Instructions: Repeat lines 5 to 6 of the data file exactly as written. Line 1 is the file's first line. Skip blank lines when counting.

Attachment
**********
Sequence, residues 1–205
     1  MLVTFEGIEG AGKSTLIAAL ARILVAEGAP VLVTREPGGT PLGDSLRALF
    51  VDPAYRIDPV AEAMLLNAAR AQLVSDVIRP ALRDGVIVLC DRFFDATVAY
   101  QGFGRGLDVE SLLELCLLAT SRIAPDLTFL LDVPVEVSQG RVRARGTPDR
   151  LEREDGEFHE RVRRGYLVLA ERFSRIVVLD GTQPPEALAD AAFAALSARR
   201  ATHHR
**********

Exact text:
   151  LEREDGEFHE RVRRGYLVLA ERFSRIVVLD GTQPPEALAD AAFAALSARR
   201  ATHHR